Who the Hell is Eric and Why is He Protecting Me?

October 20, 2010, by Prudence Baird

When Prudence’s life is saved, she wonders, is it merely coincidence or celestial interference?

I am alive today because Eric, a man I never met, saved my life last month.

No, I am not filtering bodily fluids with Eric’s kidneys; nor pumping blood with Eric’s heart. Heaven forbid Eric should have donated any of his organs! After all, he died of AIDS 30 years ago.

But, according to Catherine, my son’s art teacher, Eric’s fingerprints are all over the recent life-saving business—although some may claim a mouse who nobly sacrificed itself, or that a journalist at the Brattleboro Reformer deserve just as much credit.

Perhaps. So, let’s give credit to Eric, the mouse AND the reporter. And my husband. And anyone else who wants to get in on the credit crawl. After all, once you’ve wriggled free from Death’s icy clutches, you feel a little generous.

Let me backtrack.

In Vermont, bedroom windows open in late spring—as the ubiquitous peeper frogs begin their high-pitched mating whistle—and stay open through early fall, when the warmth of Indian summer nights lulls Vermonters to sleep.

This September, however, a sideways-driven rain forced me—for the first time since we moved into our new home in July—to crank shut the double-glazed, tightly fitting windows, which sealed with a satisfying schlup. That night, a headache woke me in the wee hours, and continued for several days, growing worse at night.

About this time, a critter died in the vicinity of our bedroom closet; I could smell it. After taking apart the built-ins and finding no maggot-infested carcass, Tim and I concluded the animal was both small—probably a mouse—and located inside the wall.

The headaches worsened, morphing into dizziness and nausea. The more I tried not to think, “brain tumor,” the more I was sure I had one.

My husband, who reads all six pages of the Brattleboro Reformer while buying his morning coffee at the local deli, brought home an article that caught his eye—fuel companies fined for failing to add a noxious odor to their product; an odor designed to alert customers of a gas leak. “Do you think that horrible smell could be a propane leak and not a dead mouse?” asked Tim, who now also suffered from a headache.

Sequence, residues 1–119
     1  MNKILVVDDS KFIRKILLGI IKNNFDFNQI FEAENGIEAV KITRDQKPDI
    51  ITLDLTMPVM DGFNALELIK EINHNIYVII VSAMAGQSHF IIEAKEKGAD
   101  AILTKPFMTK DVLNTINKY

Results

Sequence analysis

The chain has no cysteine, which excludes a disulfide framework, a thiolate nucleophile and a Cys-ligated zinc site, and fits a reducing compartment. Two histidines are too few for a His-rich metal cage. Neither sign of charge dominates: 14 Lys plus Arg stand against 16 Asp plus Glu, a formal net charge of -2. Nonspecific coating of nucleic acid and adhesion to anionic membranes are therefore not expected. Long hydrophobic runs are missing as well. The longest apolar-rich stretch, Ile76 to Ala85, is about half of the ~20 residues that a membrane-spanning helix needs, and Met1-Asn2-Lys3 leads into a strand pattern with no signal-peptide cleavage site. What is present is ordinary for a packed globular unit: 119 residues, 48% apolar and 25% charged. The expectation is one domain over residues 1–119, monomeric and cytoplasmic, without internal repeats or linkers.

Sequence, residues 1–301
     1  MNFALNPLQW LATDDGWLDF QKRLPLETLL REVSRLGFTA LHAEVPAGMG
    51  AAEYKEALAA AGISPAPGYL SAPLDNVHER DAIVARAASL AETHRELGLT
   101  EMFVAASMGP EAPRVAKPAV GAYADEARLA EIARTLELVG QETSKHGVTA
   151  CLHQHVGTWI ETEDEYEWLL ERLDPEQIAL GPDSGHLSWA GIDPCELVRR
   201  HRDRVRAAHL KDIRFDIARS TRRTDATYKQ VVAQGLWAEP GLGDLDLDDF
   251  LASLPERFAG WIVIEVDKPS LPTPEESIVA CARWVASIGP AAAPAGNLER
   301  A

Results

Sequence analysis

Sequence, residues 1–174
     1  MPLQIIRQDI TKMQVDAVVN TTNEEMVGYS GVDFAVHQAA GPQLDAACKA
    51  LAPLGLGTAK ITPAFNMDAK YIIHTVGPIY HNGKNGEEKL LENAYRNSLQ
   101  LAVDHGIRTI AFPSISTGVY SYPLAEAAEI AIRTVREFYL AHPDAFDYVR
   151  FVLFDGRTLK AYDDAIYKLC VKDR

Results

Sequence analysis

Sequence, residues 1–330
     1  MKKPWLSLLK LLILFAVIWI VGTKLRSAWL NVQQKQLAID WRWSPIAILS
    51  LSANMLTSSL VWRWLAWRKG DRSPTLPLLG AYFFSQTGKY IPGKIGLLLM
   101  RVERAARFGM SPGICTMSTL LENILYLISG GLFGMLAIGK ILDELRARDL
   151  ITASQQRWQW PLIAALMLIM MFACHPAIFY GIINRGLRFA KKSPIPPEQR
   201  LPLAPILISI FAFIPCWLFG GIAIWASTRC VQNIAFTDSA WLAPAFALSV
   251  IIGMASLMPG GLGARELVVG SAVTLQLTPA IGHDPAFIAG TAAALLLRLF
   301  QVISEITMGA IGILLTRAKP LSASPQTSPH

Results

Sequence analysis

Our propane supplier was quick to send Mike, a uniformed repairman. “Nope,” he announced after inspecting every inch of gas line, our German-made Buterus furnace and the stove. “That smell is a dead mouse.”

Eric must have tapped Mike on the shoulder because, with one foot out the door, he hesitated. “Maybe I’ll just poke around the back here and see if everything’s hooked up right,” he said, disappearing behind the Buterus.

“Aha! Here’s why you are getting headaches,” Mike showed us a valve that normally pumps odorless carbon monoxide (which Mike euphemistically called “venting product”) outside, but instead was pumping it directly into our bedroom. He reconnected the valve to some tubing, double-clamped it, and was gone—taking with him our headaches.

“Vintage Eric!” crowed Catherine, two weeks after the carbon monoxide incident. She clarified, “Haven’t you ever been at your wit’s end, and then suddenly the answer becomes clear?” She calls these moments—the intuitive, sudden knowingness—Eric, after her best friend who died three decades ago. According to Catherine, he often helps her out of a jam.

I thought for a moment about all the near-misses I’ve had in my life, times when I’ve sent a heartfelt SOS out to the universe. Like the time I was eight months pregnant and my car stalled in the fast lane during rush hour. Out of nowhere, a man in a pick-up truck appeared and pushed my Saab to safety, then disappeared before I could thank him.

There are plenty of other times when, inexplicably, dark curtains parted and help and/or clarity arrived. But what force is afoot when this happens? What brings us the help we need when we need it most? Is it drawn to us—or are we challenged to connect the dots, clues left by our own personal bodhisattva, like Catherine’s Eric, who cares for us from afar?

Maybe the universe is waiting for us to pay attention with our whole selves—to hear, to feel, to smell, to touch and to see—so that we may understand that the solutions and answers we need are always there, folded into everyday life; concealed in the layers of our experiences, like the “coincidence” of the dead mouse odor and the newspaper article about propane. Perhaps, the puzzle pieces themselves are conscious of their role, urging us to snap them together and discover how neatly they all fit together.

And when they don’t fit—when we are rattled or confused, too busy being focused or righteous—to notice what is right there all along, we call this “tragedy.” Tragedies haunt us for a reason. Not only do they make good stories, hit movies and dramas that are performed for hundreds of years—they remind us how, if any one thread is broken, the entire tapestry of life can unravel in an instant.